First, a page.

Head over to HEADBANGER’S KITCHEN!
Sahil Makhija, is a renowned face in the Indian Heavy Metal culture, being a part of it for almost a decade now (probably more). He is the founder of Demonstealer Records as well as the frontman for established bands, the likes of Demonic Resurrection, a black metal act, who have had successful stints at revered platforms across Europe, such as the Bloodstock Festival, under their belt, alongside Reptilian Death, a death metal act with their debut album “The Dawn of Consummation and Emergence”, that was just released a couple of months back, doing the rounds. Sahil fronts another band known as Workshop, which specializes in a genre called Humor Metal, which has toilet humour inspired comedic anthems in both English and Hindi.
Not so long ago, Sahil had unveiled his next initiative called “Headbanger’s Kitchen” a cookery cum talk-show where the biggest names from the industry as well as the flag-bearers of Indian Metal have made appearances. Thus, without much more delay The Circle Pit decided to catch up with the Demonstealer to get the gist of his latest efforts. If you need another incentive before you head over to the official Youtube channel, then here
are some of the artists he has hosted on his show: TesseracT, George
Kollias, Lamb of God, Gojira, Karnivool, Hacride, Undying Inc., Andy
James, etc. Need more? We think not.
SM = Sahil Makhija
AD = Arkadeep Deb
AD – Greetings from team Circle Pit, Sahil. How busy has the Demonstealer been these days? What’s cooking?
SM – Greetings. I’ve been fairly busy these days. I’m mixing the new Demonic Resurrection album currently and am driving myself mad to make it sound the best that the band has ever sounded. Also the new Reptilian Death album has released worldwide via Old School Metal Records and there is lot of work on that front as well as working on DR and RD tours for 2014 in UK/Europe.
AD – Give us a little background story to what is “Headbanger Kitchen”.
SM – I’ve always been fond of good food and I started cooking at a very young age. It was mostly because I like to eat and I am quite a fussy eater so perhaps to make food that suits my palette I started cooking. I did even aspire to be a chef but I got derailed by my love for heavy metal music. I started a food blog on Facebook couple of years ago and after lots of positive feedback I decided to make video episodes of these recipes and that turned into Headbanger’s Kitchen. I got to mix my love for food and heavy metal into one show.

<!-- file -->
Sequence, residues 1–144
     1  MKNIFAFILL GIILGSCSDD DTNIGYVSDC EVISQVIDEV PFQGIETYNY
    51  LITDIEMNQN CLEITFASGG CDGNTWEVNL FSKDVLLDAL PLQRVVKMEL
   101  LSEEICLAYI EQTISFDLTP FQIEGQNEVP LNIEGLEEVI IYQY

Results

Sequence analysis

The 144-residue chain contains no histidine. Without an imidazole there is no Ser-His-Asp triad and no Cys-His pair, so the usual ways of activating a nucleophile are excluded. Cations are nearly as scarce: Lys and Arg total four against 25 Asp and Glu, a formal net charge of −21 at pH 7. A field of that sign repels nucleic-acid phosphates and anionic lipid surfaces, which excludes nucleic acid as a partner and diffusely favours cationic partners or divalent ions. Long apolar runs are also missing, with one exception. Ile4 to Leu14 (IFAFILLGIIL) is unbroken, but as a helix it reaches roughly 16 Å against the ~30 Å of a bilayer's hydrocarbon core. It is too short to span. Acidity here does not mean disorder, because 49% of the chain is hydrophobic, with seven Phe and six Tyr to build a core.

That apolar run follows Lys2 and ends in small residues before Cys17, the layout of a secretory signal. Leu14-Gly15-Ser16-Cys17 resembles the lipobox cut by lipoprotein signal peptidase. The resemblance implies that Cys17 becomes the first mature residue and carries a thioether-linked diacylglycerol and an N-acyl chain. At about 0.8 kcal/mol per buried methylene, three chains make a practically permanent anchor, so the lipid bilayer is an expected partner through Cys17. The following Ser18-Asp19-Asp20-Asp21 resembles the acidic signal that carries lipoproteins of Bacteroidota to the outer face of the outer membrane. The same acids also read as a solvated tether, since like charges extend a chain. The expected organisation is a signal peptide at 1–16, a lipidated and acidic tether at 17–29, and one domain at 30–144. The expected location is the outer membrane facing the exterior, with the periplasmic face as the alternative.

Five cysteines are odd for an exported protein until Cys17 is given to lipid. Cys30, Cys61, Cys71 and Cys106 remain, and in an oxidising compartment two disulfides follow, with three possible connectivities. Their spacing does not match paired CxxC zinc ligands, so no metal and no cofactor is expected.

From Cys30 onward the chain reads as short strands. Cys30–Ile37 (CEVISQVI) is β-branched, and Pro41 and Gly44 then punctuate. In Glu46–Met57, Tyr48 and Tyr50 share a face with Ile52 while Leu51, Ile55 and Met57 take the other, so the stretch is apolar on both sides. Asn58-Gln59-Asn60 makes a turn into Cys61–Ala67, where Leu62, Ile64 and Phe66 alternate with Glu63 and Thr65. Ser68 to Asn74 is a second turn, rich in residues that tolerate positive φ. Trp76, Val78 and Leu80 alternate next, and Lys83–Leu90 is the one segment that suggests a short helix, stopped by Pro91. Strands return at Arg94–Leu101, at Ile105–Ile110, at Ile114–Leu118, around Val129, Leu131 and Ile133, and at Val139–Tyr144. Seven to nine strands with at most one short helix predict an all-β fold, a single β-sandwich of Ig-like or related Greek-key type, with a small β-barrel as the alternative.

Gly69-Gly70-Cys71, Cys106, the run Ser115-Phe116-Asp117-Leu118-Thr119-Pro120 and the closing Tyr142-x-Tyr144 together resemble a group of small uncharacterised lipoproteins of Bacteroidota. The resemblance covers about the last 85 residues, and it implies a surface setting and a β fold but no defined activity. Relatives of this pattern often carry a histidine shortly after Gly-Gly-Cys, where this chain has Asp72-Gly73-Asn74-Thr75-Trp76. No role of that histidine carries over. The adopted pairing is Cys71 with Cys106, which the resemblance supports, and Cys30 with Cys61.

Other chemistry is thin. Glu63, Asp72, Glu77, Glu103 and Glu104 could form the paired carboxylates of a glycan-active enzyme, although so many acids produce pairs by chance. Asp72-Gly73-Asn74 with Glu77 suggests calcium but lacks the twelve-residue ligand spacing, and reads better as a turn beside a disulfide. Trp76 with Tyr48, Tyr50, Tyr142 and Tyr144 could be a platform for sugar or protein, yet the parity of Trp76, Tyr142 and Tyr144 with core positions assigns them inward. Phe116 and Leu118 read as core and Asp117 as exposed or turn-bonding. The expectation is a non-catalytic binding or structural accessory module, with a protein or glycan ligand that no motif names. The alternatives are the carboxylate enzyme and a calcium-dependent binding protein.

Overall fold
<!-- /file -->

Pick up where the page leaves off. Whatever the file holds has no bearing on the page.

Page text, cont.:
AD – The question on all our minds, how does an accomplished musician shift gears from fronting as many bands as you do to hosting a cookery show alongside managing all these acts?
SM – I honestly don’t know the answer. I just do what I have to do. I’m a normal person all the time really it’s just about performing. I wanted to be an actor as a child and perhaps that lets me switch different roles easily. I don’t know really I’m just shooting theories in the dark here.
AD – What made you realize the prospects of having a Heavy Metal inspired cookery show of your own?
SM – I don’t think I’ve realized anything yet. I just am a creative person and I like doing things so when the idea came around we did it. Perhaps one day it will become something more than what it is now and if it does I’ll be pleased as punch.
AD – “Headbanger’s Kitchen” is primarily about a new recipe themed around the musician guest on the episode. Who are the artists who have guest- appeared on your episodes so far?
SM – We’ve had about 20 guests so far right from International Metal stars like Mark and Randy from Lamb Of God to local heros like Vinay and Sunneith from Bhayanak Maut. LINK.
AD – When you started “Headbanger’s Kitchen” did you envision it to be an established web-show that runs on for seasons or was it more like a one-time idea that just struck gold?
SM – I just had a vision to do the show. There was no plan for number of episodes or how many years or anything. For me I don’t think that way, when I start something I generally plan to run it till the day I die. It may not always be active and regular but it’s there. So we’ve been taking things as they come.
AD – There must have been some amazing moments on the sets with so many revered figures from the industry gracing the episodes. We would love to hear an anecdote or two from the sets.
SM – I had a blast shooting all the episodes and each guest was awesome. One of the funniest things was in the early days we used to shoot the cooking and interview sections today and I was interviewing Scribe who showed up 5 hours early! Needless to say they were locked away in my brother’s room where I’m not sure what they did but let us just say it resulted in a hilarious interview. Similar thing happened with Jack from Bevar Sea.
AD – How far do you plan to take the “Headbanger’s Kitchen” concept? What can be expected from the show next? Is a televised rendition on the cards?
SM – We are working on crowd funding for a new season of 12 episodes. Currently there are no plans for TV. We’re open to offers but there are none as of now. We’re going to follow the same format as now. However we are always open to suggestions.
AD – As a chef, you must have some preferences which you come back to regularly? Which dishes would those be? We would also love to hear the Demonstealer list his favourite dishes as well as the one’s he recommends for people with a demanding taste-bud.